Robin Hood and Maid Marian [Child 150]

DESCRIPTION: Robin, while Earl of Huntingdon, woos Maid Marian. Then, outlawed, he keeps to the wood, disguised. She dresses as a page to seek him. They meet and fight, unrecognized, till both are wounded. He calls a halt, she knows his voice, they celebrate.
AUTHOR: unknown
EARLIEST DATE: 1795 (Ritson)
KEYWORDS: Robinhood love courting fight disguise
REFERENCES (6 citations):
Child 150, "Robin Hood and Maid Marian" (1 text)
Bronson 150, comments only
Leach, pp. 423-425, "Robin Hood and Maid Marian" (1 text)
BBI, RZN3, "A bonny fine maid of noble degree"
ADDITIONAL: R. B. Dobson and J. Taylor, _Rymes of Robyn Hood: An Introduction to the English Outlaw_, University of Pittsburg Press, 1976, pp. 177-178, "Robin Hood and Maid Marian" (1 text)
Stephen Knight and Thomas Ohlgren, editors, _Robin Hood and Other Outlaw Tales_, TEAMS (Consortium for the Teaching of the Middle Ages), Medieval Institute Publications, Western Michigan University, 2000, pp. 493-498, "Robin Hood and Maid Marian" (1 text,based on the Onley broadside)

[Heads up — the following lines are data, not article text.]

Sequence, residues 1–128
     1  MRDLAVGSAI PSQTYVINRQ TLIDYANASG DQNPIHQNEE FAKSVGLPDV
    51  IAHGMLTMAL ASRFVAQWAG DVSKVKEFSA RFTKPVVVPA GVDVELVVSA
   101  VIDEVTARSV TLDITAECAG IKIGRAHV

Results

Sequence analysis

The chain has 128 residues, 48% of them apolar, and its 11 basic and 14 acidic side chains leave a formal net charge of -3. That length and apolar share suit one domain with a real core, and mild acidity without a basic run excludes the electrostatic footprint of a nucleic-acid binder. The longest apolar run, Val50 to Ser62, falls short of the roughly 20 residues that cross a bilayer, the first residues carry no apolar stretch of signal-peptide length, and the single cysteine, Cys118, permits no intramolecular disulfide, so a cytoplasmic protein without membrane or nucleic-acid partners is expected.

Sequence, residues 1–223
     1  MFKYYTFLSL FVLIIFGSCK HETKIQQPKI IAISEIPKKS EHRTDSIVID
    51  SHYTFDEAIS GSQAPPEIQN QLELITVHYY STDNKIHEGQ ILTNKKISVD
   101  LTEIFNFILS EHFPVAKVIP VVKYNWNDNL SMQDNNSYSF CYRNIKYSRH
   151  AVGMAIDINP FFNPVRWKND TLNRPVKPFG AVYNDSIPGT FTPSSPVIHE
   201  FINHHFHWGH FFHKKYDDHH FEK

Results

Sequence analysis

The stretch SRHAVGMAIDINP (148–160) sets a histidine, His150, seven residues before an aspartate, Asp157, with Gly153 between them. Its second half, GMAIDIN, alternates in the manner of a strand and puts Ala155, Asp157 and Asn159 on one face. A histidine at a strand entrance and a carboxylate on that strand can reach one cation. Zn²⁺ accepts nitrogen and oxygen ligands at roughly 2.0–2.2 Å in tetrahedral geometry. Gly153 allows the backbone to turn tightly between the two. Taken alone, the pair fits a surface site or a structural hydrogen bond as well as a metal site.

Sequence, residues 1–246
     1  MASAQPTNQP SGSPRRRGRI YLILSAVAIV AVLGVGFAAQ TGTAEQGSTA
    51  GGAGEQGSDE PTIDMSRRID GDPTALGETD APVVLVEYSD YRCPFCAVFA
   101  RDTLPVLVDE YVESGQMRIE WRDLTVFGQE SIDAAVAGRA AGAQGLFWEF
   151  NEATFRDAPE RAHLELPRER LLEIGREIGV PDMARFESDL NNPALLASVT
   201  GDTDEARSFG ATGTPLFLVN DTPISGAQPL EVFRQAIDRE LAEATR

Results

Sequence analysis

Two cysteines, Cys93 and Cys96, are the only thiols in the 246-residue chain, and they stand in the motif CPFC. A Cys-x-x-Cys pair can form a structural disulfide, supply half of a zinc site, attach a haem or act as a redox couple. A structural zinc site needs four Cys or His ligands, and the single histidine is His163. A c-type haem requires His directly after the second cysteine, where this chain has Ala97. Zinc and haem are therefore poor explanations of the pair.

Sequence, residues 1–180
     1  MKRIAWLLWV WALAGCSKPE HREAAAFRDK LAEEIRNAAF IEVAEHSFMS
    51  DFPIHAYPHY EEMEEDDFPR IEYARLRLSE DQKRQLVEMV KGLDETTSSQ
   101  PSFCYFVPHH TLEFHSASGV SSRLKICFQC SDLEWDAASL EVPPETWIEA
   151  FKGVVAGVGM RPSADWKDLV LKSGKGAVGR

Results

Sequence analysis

Roud #3992
NOTES [1077 words]: For background on the Robin Hood legend, see the notes on "A Gest of Robyn Hode" [Child 117].
It is noteworthy that Marian is not an original part of the Robin Hood legend; other than this late and feeble piece -- which notably is preserved in only a single broadside; it was not found in the garlands -- she is mentioned only twice in all the ballads printed by Child (#145A, stanza 9, and #147, stanza 1). In neither case is she described as Robin's wife or beloved; she could be one of his men's wives, or a member of his band.
I observe that, in the tales of Robin's demise in the "Gest" and in "Robin Hood's Death" [Child 120], Robin does not mention a wife or children when he dies -- even though he states that he never hurt a woman. Would he not commend his wife to John's care if he had one? Obviously she is a late addition to the tale. Where she came from must remain a matter of speculation.